4. Enlist musicians to help
Musicians are a valuable resource!
What to do: Train them to set up their stations. As long as they come in a bit earlier than normal, they can be a great help.
Guitarists can easily set up their pedals and DI boxes and singers can grab their own mic’s and cables or a wireless from FOH.
5. Use the same band setup
Familiarity breeds something… Oh right, familiarity on stage is good for musicians and sound guys. For example, the guitarist is always on the left and therefore always knows to look right to see the bass player. It’s also just a mental issue.
When you can picture who is standing in what locations, it’s easier to set up as you move across the stage.
What to do: Establish a stage chart for each band. You’ll be amazed how quickly questions during setup diminish when people suddenly have their own “spot.”
6. Labels for the mixer
I put this off for longer than I should and regretted the delay once I did it. Enough said.
What to do: By spending an evening with magnetic tape and a labeler (or just use a pen), create labels for every person in the bands as well as any other people such as the pastors mic and, lectern mic.
Also create generic labels such as “guitar” or “guitar 1” and “guitar 2.” These labels are great if you either prefer to label your channels by instrument or if you have a visiting band.
7. Keep an orderly audio closest
Quite simply, an organized audio closet/room enables you to find equipment in a snap. Keep those mics in the same place, with cables wrapped and ready to go.
What to do: Tag it, label it, hang it, whatever works best for you to organize the area. I use labeled bins for tools, mic part, cable parts, etc.
8. Find out about last-minute changes as soon as you walk in the building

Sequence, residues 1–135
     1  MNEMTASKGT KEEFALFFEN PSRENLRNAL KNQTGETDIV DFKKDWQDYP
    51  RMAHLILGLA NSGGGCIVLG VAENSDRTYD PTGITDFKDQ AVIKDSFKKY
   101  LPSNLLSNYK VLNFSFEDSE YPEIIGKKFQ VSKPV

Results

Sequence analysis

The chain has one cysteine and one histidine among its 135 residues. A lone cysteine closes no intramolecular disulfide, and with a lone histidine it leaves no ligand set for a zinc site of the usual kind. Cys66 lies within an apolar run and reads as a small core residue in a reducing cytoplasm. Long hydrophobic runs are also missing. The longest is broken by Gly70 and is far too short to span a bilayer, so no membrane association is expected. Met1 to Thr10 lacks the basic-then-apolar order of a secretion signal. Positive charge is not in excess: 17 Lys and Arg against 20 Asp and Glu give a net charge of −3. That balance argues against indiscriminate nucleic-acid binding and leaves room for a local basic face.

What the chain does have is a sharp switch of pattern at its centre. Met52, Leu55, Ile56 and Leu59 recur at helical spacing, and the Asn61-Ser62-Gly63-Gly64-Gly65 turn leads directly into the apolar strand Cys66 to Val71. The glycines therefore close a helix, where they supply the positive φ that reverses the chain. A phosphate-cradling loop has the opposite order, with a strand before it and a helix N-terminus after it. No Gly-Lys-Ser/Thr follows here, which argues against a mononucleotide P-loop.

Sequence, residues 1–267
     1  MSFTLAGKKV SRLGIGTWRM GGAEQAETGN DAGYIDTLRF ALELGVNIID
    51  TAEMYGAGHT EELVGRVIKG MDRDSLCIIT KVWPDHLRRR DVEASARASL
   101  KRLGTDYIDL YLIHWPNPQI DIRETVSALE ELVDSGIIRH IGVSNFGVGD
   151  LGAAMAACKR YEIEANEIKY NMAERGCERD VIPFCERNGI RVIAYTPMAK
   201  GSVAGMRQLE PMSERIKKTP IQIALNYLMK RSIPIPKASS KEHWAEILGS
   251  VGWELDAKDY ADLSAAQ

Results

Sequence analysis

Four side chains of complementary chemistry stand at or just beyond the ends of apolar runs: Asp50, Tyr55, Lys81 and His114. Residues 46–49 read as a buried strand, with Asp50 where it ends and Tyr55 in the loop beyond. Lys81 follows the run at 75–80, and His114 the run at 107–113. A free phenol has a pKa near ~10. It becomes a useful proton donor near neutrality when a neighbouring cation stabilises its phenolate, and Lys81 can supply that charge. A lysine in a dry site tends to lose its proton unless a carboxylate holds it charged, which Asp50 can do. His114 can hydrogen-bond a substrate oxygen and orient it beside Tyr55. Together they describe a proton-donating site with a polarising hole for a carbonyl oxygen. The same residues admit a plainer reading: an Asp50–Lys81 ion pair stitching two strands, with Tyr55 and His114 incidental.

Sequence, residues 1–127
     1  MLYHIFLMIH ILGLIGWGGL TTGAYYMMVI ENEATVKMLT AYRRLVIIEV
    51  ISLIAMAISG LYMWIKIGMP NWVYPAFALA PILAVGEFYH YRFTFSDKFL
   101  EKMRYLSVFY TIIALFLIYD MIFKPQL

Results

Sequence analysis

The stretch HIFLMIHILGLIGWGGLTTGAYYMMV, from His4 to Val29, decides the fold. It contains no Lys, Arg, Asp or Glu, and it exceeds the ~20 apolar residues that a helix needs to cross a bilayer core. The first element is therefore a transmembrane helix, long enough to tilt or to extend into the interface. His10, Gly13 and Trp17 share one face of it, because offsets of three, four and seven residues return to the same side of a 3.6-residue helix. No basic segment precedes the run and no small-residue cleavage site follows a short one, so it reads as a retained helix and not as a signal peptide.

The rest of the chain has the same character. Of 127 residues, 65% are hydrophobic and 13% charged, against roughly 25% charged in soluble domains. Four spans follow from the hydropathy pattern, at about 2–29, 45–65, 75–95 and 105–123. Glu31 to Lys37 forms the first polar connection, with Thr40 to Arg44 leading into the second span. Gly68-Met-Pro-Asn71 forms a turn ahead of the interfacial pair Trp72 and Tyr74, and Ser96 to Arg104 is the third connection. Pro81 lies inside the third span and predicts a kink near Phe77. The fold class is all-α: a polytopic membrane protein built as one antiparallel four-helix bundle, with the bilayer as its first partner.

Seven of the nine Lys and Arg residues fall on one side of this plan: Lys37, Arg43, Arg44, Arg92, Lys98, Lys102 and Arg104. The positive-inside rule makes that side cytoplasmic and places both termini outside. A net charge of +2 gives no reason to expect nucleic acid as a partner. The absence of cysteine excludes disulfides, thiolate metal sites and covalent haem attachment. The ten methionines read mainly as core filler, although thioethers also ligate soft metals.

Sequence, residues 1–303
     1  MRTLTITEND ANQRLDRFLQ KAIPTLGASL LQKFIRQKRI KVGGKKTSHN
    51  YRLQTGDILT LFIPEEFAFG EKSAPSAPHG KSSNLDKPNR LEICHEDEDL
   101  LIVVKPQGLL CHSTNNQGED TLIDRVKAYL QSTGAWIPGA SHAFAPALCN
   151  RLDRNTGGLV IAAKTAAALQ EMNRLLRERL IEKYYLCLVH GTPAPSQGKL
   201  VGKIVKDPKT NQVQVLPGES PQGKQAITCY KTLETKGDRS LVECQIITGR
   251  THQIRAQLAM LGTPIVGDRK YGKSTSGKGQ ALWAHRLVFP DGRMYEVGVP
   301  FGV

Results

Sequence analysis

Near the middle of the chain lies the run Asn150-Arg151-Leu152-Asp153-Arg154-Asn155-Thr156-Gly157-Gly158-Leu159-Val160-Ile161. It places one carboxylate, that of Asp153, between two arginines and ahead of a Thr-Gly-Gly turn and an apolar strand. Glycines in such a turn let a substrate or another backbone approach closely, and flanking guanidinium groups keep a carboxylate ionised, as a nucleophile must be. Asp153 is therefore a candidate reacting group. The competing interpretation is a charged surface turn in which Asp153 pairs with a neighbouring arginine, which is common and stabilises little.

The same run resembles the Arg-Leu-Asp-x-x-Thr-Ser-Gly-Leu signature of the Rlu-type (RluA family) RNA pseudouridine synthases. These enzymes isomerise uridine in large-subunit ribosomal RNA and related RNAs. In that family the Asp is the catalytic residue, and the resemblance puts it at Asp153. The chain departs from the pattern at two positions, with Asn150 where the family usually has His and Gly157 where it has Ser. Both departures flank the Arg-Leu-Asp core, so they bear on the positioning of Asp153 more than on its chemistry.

Once… we had a miracle. The schedule was not changed by either the pastor or the worship leader. Typically something is switched or added.
What to do: Take your copy of the schedule to the pastor, worship leader, or whoever else might have a key role in the service and check for changes.
Do this as soon as you can. It’s easier to deal with the needed changes earlier in the process instead of at the last minute.
9. Drink your first coffee on the way to church, not once you get there
This is partly is jest, but if there’s anything you need to do to be prepared for thew service, take care of it before you hit the door.
This includes properly caffeinating yourself, if necessary. After all, why should we expect anything less of ourselves?
10. Mentor someone!
Have a person interested in joining the audio team? Know of a sound tech who needs some extra attention? This is a great time to use them as a helping hand as well as talking and teaching and getting to know them.
Hopefully you’ve found some, if not all of these illuminating. I’m sure you have your own tips and tricks to help speed things along as you prepare for worship.